Turkey and the Illusion of Democracy

Upheaval in Turkey. Government responding to peaceful protest. Tear gas. People died and are still dying. At this moment it is unclear what is actually happening, but at least it is clear that something is going on.
What am I to do, far away, in my comfortable home? I can share my thoughts. Not regarding what is right and what is wrong. Not regarding what should be done, who is to blame. Any remarks adding to the polarization of the situation seems meaningless in a situation in which the power structure of a country is turning against its citizens.

“Democracy”, an Illusion

Interesting is how this clash is almost immediately put in the context of ‘democracy’. According to news reports, PM Erdogan said that when people disagree with something, they can let it know by voting during the elections. From a theoretical point of view, I must agree with him on this point. ‘Democracy’ as we know it nowadays, is explained to the masses as a manner in which everybody gets a say as to what will be decided for the public arena. In practise this is limited to elections, and influencing politicians for instance through political parties.
But calling the present political system in Western countries, including Turkey, the United States and the Netherlands, a ‘democracy’ is extremely misleading. In reality, people have hardly any say in public affairs. Even when one party is exchanged for the next one after an election, policy is made by people in ‘power’, and power corrupts, and creates its own reality.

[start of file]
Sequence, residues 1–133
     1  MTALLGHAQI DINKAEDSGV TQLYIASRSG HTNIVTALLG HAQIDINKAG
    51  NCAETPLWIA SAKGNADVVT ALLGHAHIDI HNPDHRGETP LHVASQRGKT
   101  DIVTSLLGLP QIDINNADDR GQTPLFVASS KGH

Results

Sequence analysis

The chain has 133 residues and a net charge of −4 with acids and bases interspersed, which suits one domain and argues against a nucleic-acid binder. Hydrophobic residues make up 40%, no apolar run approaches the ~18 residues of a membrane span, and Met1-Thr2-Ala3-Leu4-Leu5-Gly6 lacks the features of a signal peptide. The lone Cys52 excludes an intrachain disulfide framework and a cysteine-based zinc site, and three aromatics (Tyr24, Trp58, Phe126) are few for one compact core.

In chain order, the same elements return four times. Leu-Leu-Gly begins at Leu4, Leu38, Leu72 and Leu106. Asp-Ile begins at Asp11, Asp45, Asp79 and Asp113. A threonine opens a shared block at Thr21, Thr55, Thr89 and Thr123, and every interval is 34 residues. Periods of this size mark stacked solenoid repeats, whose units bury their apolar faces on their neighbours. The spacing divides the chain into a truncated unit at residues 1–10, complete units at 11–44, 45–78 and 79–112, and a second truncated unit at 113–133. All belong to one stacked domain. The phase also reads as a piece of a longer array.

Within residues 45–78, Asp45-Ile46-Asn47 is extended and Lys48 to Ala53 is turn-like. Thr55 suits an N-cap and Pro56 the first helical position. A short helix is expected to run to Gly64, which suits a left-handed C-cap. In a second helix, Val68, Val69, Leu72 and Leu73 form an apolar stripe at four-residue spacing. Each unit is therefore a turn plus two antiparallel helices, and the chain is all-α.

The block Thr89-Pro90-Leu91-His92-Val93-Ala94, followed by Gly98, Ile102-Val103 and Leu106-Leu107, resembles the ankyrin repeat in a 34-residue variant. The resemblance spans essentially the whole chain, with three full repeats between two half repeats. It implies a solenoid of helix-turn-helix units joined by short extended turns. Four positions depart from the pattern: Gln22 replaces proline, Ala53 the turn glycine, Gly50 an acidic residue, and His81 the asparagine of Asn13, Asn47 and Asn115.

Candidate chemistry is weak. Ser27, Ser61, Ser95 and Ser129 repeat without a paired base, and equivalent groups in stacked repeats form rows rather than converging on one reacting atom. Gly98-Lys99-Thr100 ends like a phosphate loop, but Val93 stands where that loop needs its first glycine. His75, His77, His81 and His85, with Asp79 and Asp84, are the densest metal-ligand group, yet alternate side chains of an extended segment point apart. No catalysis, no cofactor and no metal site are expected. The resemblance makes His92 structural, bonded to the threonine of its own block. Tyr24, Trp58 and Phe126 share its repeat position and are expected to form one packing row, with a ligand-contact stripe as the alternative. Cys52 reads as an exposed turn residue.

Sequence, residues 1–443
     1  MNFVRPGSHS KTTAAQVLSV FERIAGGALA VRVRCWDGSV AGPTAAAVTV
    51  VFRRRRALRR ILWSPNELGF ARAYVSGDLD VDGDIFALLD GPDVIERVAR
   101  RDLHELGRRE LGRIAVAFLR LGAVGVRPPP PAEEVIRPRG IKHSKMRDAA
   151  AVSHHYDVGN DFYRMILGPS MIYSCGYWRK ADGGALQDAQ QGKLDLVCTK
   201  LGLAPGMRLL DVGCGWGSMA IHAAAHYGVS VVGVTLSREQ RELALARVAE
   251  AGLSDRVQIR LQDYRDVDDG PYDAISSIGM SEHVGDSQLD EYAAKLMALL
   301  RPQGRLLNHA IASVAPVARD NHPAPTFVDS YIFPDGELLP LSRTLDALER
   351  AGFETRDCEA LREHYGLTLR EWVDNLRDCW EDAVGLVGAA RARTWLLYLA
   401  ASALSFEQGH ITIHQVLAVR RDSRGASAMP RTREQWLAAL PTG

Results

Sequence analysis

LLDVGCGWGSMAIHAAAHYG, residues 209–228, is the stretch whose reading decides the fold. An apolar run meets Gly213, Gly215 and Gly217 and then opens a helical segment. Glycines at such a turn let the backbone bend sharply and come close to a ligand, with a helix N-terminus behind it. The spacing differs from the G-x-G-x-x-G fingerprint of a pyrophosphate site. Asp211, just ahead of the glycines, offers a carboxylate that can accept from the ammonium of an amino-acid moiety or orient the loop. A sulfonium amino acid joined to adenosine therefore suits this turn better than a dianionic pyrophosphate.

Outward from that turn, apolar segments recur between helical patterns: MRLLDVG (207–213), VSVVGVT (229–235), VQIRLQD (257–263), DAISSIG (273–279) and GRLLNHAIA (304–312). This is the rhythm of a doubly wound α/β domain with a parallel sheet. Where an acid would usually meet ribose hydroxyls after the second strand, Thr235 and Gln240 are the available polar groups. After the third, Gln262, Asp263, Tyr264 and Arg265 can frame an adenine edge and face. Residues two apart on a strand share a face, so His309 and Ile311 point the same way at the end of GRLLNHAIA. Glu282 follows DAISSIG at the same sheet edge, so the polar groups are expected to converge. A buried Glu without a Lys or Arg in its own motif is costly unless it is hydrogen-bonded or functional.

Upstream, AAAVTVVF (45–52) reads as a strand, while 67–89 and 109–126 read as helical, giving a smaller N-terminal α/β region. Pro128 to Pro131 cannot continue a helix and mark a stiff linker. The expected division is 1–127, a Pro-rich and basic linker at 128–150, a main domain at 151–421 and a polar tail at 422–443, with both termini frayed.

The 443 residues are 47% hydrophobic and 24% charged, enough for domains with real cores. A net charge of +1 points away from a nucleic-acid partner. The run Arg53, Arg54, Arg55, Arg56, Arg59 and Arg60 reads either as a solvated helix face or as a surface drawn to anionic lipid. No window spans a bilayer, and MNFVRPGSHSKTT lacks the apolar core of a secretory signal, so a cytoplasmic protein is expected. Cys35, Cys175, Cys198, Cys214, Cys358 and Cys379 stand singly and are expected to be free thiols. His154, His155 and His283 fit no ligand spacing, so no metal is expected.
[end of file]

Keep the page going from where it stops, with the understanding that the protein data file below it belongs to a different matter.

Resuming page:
What People Actually Want

The problem with current ‘revolutions’ is that there is no alternative. This has been seen over and over again, from Egypt to Libya, Syria, Iran and probably now again in Turkey. Dissatisfaction makes people revolt against an oppressive system. That system breaks down, and once the rubble is taken away, people realise the space created thus is already filled with a system that is surprisingly similar to the one just overthrown. Surprisingly only for those who are involved with a breaking down without understanding that without a system to take over that creates an equal opportunity for everyone to be heard in matters related to their own being, there is no hope.
But there is hope. Technology and social media is nowadays supporting the people more and more. In doing so, it creates its own power structure. Everybody can shout whatever he wants. But what is picked up upon on Twitter, is not the tweet of the lunatic, but precise analyses and arguments – that are spreading across the world in a way that is truly revolutionary. I am hopeful that this will turn into a system to support something that is actually a constructive answer to cases of oppression: a deliberative system in which legitimacy is created by a procedure that creates a shared understanding of reality and translates this into policy. Bottom-up instead of top-down. In which governments realise their original role of parent of the nation: to educate and promote the interests of all by letting the people see with their own eyes and hear with their own ears.